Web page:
GM is making it possible to shop right from your vehicle’s infotainment system, while on the go. The carmaker is pushing out an update for model year 2017 and later vehicles, which will go out to all cars even if the owner doesn’t have a paid in-car Wi-Fi data subscription, that adds ‘Marketplace,’ a new kind of commerce platform.
Marketplace is already rolling out to Chevrolet, Buick, GMC and Cadillac cars, and offers a number of possible purchase options through partners at launch, including Dunkin’ Donuts, Wingstop, Shell, ExxonMobil, Applebee’s and more. GM focused on retailers and gas station providers initially because these stand to have the most impact in terms of making car owner’s drive easier.
You can also make reservations at restaurants via Marketplace (TGI Fridays is on board right now), as well as reserve parking spots ahead of time and then pay for time. And the in-dash Marketplace purchasing process is actually intended to be used while you’re actually driving, with a purchase flow that’s intended to minimize distraction and keep attention on the road.
I spoke to GM Director of Global Digital Experience & Connected Vehicles John McFarland about why GM chose to build an in-vehicle ecommerce platform, and in particular one designed to actually be used while driving.
“Rather than having somebody have to, if they’re going to engage on their phone, pull over and get in park while they’re doing it, which causes you to lose valuable time, or even worse, the temptation for people to try to use their phone while driving which is something that we definitely don’t want… we believe in doing everything we can to make it available while making it safe while in motion,” he said.
Distracted driving is always top of mind for automakers, especially given the rising number of human-caused traffic fatalities. NHTSA has made clear how a significant portion of this is down to mobile device usage, which is a major contributor to distracted driving. GM has designed the ecommerce experience to be easy to navigate while on the road safety and securely, partly in hopes that people will take advantage of this rather than trying to accomplish the same thing using their smartphone.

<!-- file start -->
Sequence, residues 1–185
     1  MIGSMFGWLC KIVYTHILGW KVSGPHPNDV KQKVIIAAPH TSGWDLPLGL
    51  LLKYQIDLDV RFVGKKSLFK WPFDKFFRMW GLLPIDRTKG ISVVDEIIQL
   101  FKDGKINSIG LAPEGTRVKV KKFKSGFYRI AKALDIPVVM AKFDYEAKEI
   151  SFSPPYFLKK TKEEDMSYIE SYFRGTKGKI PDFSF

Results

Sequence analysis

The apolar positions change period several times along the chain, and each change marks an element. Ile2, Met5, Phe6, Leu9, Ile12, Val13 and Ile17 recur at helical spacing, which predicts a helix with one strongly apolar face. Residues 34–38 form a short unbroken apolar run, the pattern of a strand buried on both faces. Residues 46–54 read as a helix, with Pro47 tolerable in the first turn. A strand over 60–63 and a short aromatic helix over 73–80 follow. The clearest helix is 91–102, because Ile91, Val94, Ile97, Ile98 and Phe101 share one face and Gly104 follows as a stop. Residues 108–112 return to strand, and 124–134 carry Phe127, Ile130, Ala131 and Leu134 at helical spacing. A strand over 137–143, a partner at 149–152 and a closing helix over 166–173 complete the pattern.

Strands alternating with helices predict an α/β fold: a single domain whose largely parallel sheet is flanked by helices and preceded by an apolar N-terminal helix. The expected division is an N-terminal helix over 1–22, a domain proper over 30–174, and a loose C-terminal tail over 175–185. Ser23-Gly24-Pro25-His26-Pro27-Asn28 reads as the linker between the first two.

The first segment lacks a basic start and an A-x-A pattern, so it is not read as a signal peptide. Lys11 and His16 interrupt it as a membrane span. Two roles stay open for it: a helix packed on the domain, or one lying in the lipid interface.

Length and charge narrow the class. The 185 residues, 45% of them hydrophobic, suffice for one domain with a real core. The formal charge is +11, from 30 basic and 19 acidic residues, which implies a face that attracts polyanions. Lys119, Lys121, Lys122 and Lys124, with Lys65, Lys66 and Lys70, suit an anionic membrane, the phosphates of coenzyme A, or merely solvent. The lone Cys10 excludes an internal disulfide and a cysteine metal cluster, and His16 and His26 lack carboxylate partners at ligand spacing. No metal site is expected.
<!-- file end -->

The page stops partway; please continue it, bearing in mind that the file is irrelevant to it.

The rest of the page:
That also explains its choice of launch partners – McFarland made clear the carmaker wanted to select businesses that made sense for use on the road, with a focus on things that regularly make up part of a user’s commute. Starbucks is coming onboard in 2018, for instance, in addition to the other partners listed above.
In addition to those, GM is also making it possible to buy upgrades, accessories and care for your GM vehicle, as well as top-ups for in-car Wi-Fi plans. Also, data used via Marketplace doesn’t count towards your totals if you are a Wi-Fi subscriber.
One other way GM is making the in-car shopping experience more convenient is through user of machine learning to identify what you’re mostly likely to want to buy, and when. So, if you have a routine that typically involves picking up a coffee on the way to work, you’ll get a suggestion to pick one up based on signals including time of day, location, preferred merchant and more.
As of right now, McFarland tells me that the Marketplace platform is considered ‘open,’ though GM is working directly with interested merchants, retailers and restaurants, along with its technology partners Xevo, Conversable and Sionic mobile to tailor their offerings before setting them live.
This is another great example of an automaker varying their approach to business in order to become something more than just a seller of cars; we’ve seen a lot of carmakers engage in data plays, and in-car ecommerce is definitely part of that. It’s also a feature that could potentially have a tremendous impact in an autonomous driving future, and while McFarland says the focus thus far has been on building something that drivers can use while on the road now, they’ve definitely given thought to its potential in driverless applications.